Former leading New Zealand publisher and bookseller, and widely experienced judge of both the Commonwealth Writers Prize and the Montana New Zealand Book Awards, talks about what he is currently reading, what impresses him and what doesn't, along with chat about the international English language book scene, and links to sites of interest to booklovers.
Neville Peat with a copy of his book and a bottle of Mackinlay's whisky. Photo by Stephen Jaquiery.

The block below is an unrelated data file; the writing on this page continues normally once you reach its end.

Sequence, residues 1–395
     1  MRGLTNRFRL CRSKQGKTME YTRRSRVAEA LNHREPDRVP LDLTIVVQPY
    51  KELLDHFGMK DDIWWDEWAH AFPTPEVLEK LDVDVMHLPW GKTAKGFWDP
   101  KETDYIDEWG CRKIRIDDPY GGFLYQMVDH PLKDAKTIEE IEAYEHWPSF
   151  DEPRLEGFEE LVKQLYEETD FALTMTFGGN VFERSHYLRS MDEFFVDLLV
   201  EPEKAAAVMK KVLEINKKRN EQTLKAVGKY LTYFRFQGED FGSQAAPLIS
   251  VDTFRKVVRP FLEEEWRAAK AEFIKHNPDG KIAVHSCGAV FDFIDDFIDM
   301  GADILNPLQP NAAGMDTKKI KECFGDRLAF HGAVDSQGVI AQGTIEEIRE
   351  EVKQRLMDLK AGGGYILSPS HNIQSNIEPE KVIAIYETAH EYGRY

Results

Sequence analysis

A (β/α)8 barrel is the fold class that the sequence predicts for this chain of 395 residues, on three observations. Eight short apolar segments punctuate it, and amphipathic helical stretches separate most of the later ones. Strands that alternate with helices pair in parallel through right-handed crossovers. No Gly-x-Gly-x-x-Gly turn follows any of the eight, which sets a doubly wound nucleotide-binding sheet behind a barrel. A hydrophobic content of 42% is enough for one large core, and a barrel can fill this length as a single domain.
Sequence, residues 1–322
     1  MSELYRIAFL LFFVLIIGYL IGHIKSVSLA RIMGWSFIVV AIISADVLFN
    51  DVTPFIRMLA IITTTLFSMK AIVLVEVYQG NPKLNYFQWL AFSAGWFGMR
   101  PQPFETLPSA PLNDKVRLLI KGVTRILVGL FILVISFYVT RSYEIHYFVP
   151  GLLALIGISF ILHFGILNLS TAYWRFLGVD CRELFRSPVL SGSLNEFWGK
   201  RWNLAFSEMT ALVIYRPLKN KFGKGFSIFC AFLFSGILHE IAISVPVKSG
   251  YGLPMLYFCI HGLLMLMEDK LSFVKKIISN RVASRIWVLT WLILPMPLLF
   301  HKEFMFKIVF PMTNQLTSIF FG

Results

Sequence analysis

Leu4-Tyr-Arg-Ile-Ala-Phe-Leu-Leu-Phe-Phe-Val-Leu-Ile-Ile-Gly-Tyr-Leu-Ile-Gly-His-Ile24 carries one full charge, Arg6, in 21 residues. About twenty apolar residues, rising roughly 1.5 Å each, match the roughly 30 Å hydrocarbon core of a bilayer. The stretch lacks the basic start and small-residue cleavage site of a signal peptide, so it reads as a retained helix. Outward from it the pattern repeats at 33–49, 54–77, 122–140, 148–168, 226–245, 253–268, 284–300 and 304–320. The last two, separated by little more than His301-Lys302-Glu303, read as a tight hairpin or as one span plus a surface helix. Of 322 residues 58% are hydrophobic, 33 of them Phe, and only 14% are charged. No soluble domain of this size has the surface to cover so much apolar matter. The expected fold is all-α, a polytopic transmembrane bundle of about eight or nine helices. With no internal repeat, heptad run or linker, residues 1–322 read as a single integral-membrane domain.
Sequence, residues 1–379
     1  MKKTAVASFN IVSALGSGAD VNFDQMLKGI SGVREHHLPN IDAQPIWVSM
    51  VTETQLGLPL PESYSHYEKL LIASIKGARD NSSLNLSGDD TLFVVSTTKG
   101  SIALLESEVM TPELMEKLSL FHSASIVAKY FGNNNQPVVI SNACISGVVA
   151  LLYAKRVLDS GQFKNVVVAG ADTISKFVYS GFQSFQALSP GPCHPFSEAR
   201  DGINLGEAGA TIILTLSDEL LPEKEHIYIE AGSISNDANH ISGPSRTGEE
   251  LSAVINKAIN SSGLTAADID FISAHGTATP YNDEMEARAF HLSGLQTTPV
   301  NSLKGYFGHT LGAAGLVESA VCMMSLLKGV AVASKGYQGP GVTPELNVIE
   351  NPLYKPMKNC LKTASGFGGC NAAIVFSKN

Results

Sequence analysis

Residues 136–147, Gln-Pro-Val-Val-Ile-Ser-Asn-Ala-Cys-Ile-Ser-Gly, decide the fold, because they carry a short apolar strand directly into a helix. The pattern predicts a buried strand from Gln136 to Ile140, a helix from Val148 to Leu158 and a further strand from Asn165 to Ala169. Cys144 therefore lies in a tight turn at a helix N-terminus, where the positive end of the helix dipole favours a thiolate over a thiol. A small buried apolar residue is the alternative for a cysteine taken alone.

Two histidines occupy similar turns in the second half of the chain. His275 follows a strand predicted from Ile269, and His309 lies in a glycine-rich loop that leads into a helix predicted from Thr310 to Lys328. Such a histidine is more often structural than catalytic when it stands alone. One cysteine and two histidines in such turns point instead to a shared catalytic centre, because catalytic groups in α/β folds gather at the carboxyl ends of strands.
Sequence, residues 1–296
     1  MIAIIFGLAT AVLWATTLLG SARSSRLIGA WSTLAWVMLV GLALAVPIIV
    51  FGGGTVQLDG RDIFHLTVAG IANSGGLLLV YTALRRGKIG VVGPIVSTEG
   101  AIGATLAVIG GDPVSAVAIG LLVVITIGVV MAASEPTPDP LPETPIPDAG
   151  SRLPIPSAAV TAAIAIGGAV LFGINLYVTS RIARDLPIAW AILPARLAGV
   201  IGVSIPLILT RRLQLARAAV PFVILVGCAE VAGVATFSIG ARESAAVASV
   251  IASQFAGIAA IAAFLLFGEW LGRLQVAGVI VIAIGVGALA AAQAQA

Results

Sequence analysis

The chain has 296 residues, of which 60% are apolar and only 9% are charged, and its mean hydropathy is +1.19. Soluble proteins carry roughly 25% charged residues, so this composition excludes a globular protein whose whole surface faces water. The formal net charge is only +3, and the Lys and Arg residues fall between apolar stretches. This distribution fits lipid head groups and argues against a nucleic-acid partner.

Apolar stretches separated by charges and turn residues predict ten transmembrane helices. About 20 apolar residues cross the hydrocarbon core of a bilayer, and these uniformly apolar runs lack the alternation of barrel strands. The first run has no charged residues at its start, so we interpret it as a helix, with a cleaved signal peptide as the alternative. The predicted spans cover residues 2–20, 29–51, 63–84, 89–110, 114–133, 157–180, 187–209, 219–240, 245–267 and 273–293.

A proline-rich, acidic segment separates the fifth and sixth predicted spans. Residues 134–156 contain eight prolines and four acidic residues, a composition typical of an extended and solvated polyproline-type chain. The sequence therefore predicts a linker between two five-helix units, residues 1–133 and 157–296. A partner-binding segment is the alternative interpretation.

Dunedin author Neville Peat sure has a nose for a story, writes Shane Gilchrist. Neville Peat might boast a surname redolent of a type of turf used to impart flavour to Scotch, yet he has done something no connoisseur would consider. He has mixed whisky with ice. The Dunedin author's latest book, Shackleton's Whisky, was inspired by the 2007 discovery in the Antarctic of three cases of Mackinlay's Rare Old Highland Malt Whisky under the hut Sir Ernest Shackleton and his men built on their 1907-1909 expedition. The finding of the whisky, imbedded in ice for 100 years at the picturesque Cape Royds on Ross Island, prompted Peat to embark on his own extensive expedition. And though the project hasn't been quite as daunting a task as Peat's previous publication, The Tasman: Biography of an Ocean (2010), it nonetheless required rigorous research. Peat's journey from inspiration to culmination has ranged from the ice floes of the Antarctic to Scottish distilleries, encompassing historic expeditions, previously unpublished diary entries, and modern scientific methodology, as well as New Zealand's role in protecting the southern continent. Equally, as Peat is quick to admit, Shackleton's Whisky offered him a fresh excuse for adventure, as well as an opportunity to indulge in his long-held passion for the Antarctic.